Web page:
Preserving Summer’s Bounty: Dehydrating Stone Fruits

Preserving Summer’s Bounty, Dehydrating Stone Fruits
A pile of our dried peaches and plums, ready to be stored in a glass jar.

We’ve enjoyed a lot of stone fruits, such as peaches and plums, throughout the summer. As summer comes to an end, we decided to dehydrate what will likely be our last bags of local stone fruits.

 

Dehydrating our own fruit not only allows us to preserve some of the delicious flavors of summer to snack on throughout the fall and winter (if they last that long), it also allows me to dry our fruits at a low temperature and without any additives or preservatives.

 

We dried our fruit at 95-degrees Fahrenheit. This preserves more of the fruit’s naturally-occurring enzymes, vitamins, and minerals, some of which are damaged or cooked out at higher temperatures.

 

Drying my own fruit also allows me to dehydrate the fruit without adding anything to it. Unless you’re careful about what you purchase (for example, our local health food store sells dried fruit without anything added to it), most dried fruit you find in the market will have sugar, artificial colors, and other preserving agents added to it.

 

Dried fruit contains enough naturally occurring sugars to make it sweet on its own without added sugar, and I don’t think anyone needs chemical additives or preservatives added to their foods.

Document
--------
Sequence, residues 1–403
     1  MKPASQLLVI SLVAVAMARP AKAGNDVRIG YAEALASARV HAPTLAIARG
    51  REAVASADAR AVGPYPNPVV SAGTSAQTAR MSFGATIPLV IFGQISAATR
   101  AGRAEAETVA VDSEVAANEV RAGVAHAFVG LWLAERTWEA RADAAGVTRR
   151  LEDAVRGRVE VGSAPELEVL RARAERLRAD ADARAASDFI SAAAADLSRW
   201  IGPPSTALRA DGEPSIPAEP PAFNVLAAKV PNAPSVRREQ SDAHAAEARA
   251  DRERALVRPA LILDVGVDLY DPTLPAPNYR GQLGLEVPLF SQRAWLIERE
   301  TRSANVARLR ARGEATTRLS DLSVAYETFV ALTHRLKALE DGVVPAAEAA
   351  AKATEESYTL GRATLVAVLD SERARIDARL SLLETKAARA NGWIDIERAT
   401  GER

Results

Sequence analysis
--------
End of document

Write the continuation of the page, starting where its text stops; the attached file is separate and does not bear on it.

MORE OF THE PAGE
Granted, the colors of my dried fruits are more brown than what you might buy in a store, but our dried fruit tastes great, and it doesn’t need the artificial preservatives to have it last throughout the winter (drying is a preservation method in and of itself).

 

Preserving Summer’s Bounty: Dehydrating Stone Fruits
My fruit laid out and ready to dry.

If you manage to obtain a large flat of stone fruits before harvest time comes to an end in your part of the world, dehydrating is a great way to preserve some of them for future consumption. Wonderfully, the process itself is very simple.

 

I used a dehydrator for my drying. So I simply washed the fruit, cut it into pieces, spread it out in a single layer on the trays, set the temperature, and turned it on. I checked it a few times, and the bulk of our pieces were dry within 24 hours. Once they were dry, I let them cool, loaded them into mason jars, and put them in our pantry. It was simple.

 

If you don’t have a dehydrator, you can do something very similar in your oven (this is what I did before we had a dehydrator). You wash and cut the fruit, the same as above, and then spread it in a single layer on a baking sheet. Turn your oven on to its lowest temperature (this varies greatly from oven to oven; mine will set at 100), place the baking sheets inside the oven, and allow the fruit to dry. Because your fruit will not be on a screen-type tray, you may need to turn the pieces over to help it to dry evenly on both sides.

 

 

We love saving some of summer’s sweetness to eat during winter and fall. What are your favorite ways to save a taste of summer?

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